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The sniff of success

Join Ryan Kay as he navigates the fascinating dynamic between a handler and their canine companion

The phrase “he’s got a good nose!” regularly punctuates conversations at shoots, often uttered with a degree of pride by dog owners recounting tales of exceptional retrieves. Stories might involve their dogs scaling trees or swimming great distances to claim the day’s most robust running cock bird. In fact, some enjoy voicing this phrase almost as much as those in the beating line relish shouting “woodcock”, irrespective of the bird’s flight direction. 

All dogs, without a doubt, possess a good nose. Certain breeds, particularly the hound breeds, are regarded as having superior scenting abilities, with gundogs – particularly the labrador – also high on the list. Scientific estimates suggest a dog’s nose is anywhere from 10,000 to 100,000 times more potent than a human’s. However, in the context of a gundog operating in the field, its effectiveness lies in how it uses its nose in tandem with its handler, rather than using it independently. 

Trust between dog and handler is vital when it comes to hunting game

The handler-dog partnership 

Trust becomes crucial when hunting with a spaniel because the dog alone can smell the game. However, we handlers, with our elevated vantage point, can anticipate potential game-holding cover ahead. Our role is to guide the dog towards areas where game might be hiding. The dog then needs to trust that the handler’s directions could lead to a rewarding find. The value of fresh scent is such that a biddable hunting dog will continually trust the handler’s instructions to inspect cover, anticipating that it may lead to a rewarding flush at some point. This partnership operates both ways; we also need to learn to trust our dogs. A seasoned dog doesn’t necessarily need to penetrate every patch of cover; it merely needs to pass it wind-side to decide if it warrants further exploration. Recognising when a dog has performed this task is better than incessantly shouting “get in there” at the side of the cover. 

All dogs are born with an instinctive ability to use their nose, but training puts that ability to its best use

Behind the ‘good nose’ comment 

The comment “he’s got a good nose on him” is often used as a guise for its actual meaning: “He went astray and didn’t listen.” As stated, all dogs have a good nose. The critical aspect is whether they utilise it to efficiently translate scent, or in simpler terms, their game-finding ability. Decoding scent while on the move also requires maintaining a connection with the handler. This demands a certain type of intelligence; it’s no surprise that the fastest hunting spaniels are among the brightest. As scent messages are absorbed and processed, the brain determines the dog’s direction or cover to find the prize. A quick-thinking dog that also synchronises with its handler is indeed a clever canine.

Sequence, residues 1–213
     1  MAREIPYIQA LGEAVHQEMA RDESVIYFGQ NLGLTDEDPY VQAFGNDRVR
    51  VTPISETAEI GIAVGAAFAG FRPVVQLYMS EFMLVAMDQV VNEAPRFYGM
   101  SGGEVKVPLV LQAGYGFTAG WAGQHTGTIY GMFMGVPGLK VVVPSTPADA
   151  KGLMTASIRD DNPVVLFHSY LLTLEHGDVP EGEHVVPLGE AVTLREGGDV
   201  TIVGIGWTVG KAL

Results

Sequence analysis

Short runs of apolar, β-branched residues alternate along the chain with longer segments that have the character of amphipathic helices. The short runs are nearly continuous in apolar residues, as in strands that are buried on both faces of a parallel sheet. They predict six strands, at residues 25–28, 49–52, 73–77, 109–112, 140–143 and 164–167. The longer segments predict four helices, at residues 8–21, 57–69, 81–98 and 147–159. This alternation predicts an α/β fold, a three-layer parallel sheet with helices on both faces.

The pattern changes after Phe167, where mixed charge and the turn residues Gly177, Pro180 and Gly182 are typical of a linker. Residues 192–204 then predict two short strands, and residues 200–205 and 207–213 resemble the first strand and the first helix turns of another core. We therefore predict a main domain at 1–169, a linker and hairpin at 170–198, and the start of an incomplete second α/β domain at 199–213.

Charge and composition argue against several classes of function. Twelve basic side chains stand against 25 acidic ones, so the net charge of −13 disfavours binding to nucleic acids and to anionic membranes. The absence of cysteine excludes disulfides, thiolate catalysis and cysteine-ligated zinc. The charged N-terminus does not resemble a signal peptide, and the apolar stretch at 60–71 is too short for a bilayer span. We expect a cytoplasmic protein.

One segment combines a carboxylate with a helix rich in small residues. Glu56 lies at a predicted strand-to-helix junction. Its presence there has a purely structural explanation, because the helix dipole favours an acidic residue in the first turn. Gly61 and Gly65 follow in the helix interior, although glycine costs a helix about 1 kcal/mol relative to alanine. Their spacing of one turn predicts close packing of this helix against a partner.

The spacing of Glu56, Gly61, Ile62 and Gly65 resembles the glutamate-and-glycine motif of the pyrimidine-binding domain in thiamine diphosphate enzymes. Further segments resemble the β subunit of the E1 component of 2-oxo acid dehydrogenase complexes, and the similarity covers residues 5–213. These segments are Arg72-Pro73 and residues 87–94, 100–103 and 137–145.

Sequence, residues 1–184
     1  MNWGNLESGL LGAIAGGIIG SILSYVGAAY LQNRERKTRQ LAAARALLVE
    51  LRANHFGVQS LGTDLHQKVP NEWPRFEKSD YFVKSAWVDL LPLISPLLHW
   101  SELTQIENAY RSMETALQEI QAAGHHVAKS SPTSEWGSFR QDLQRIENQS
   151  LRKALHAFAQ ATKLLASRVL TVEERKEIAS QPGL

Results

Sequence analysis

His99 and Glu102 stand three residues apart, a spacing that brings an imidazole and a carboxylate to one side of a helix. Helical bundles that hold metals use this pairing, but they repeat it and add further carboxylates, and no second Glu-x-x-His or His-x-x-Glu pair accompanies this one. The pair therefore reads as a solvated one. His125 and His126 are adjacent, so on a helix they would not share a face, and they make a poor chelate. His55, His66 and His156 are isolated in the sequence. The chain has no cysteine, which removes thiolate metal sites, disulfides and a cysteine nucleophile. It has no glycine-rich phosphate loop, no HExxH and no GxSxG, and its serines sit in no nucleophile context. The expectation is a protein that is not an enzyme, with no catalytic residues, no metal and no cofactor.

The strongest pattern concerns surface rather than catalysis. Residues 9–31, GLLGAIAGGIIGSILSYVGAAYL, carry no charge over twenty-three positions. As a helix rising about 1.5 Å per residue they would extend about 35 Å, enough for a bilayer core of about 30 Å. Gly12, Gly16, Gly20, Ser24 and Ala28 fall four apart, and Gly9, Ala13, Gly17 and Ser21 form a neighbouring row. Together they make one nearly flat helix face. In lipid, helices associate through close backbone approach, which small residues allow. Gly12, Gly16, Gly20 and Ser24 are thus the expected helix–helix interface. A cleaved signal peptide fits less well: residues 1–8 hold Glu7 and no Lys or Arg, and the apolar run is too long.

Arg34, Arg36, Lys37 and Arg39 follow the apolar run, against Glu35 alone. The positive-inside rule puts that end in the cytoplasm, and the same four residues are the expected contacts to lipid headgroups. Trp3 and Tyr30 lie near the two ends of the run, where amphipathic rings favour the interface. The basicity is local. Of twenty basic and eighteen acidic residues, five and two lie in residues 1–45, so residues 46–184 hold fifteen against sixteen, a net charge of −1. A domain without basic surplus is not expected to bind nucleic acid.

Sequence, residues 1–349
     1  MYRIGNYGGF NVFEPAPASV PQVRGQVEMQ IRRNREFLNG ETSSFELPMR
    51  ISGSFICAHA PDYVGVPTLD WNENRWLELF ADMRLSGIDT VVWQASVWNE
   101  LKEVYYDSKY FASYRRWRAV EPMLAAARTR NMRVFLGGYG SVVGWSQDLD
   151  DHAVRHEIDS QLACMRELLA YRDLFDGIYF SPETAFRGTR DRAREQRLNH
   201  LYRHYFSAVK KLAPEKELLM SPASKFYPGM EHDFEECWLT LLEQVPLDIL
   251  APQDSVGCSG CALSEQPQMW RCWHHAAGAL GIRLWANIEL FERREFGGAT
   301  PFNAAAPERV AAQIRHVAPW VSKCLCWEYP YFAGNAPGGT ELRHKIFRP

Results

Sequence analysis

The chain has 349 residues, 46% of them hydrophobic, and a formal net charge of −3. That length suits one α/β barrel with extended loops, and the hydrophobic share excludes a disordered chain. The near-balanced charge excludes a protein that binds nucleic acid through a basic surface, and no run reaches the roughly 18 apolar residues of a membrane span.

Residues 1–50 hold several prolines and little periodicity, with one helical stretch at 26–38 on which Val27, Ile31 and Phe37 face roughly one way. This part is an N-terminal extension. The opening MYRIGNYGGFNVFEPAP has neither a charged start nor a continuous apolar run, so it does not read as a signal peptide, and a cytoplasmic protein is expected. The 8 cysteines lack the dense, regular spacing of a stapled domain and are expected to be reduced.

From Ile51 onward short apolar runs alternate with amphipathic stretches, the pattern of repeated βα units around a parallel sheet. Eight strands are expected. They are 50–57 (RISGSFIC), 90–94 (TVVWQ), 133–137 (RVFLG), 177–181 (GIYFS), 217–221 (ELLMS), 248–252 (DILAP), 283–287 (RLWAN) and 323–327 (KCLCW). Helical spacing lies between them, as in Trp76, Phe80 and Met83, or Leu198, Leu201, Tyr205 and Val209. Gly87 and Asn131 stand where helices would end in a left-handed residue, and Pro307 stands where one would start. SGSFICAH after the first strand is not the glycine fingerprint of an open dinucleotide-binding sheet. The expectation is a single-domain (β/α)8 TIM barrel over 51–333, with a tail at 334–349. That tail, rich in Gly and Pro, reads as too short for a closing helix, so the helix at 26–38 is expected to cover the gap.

A case of misdirected talent

We all probably know the name of that one dog on a shoot, typically because we’ve heard it far too often during the day. This is the dog that appears in front of the Guns from the beaters’ line just moments after the whistle has sounded. It has dashed through the covercrop alone in seconds, dropping off a pegged bird along the way. As paradoxical as it might sound, these are the types of dogs I desire. However, I don’t mean after they’ve gone feral! I refer to the quick learners that were exposed to scent inadvertently, perhaps during a walk or before control was established on less stimulating terrain. 

As scent particles are processed, the brain determines the dog’s direction to find the prize

The young springer

I remember witnessing a young springer on its first shoot at just nine months old. Its owner explained that the experience was entirely new to the dog and it had never been near game before. Despite this, he was adamant that “he’s got a good nose on him”. While the dog was investigating some rough grass, a hare suddenly darted out and ran directly towards us, before making a hasty U-turn across the field. Unaware of the hare’s bolt, the young springer continued to potter in the grass. But moments later, the dog’s instinct ignited. 

The springer accelerated, picking up scent particles that were now in the air and on the foliage. As the dog’s nose touched the ground, it shot out of the rough and straight towards us. Upon reaching our feet, it realised it had strayed from the scent trail and swiftly readjusted its course, gaining speed as it faithfully tracked the hare’s path. We observed in awe as the young springer’s natural ability unfolded, and it vanished across the field in pursuit. 

What I had witnessed was undeniably a talented dog. Its ability to adhere to the scent line, and the swiftness with which it corrected its course upon straying, testified to its natural skill. Predictably, we all quickly became familiar with the name of this capable dog. As the now-absent springer receded into the distance, the unruffled owner leaned on his stick, turned to me, and casually affirmed, “Aye, I told you, he’s got a good nose on him!” Well, he wasn’t wrong!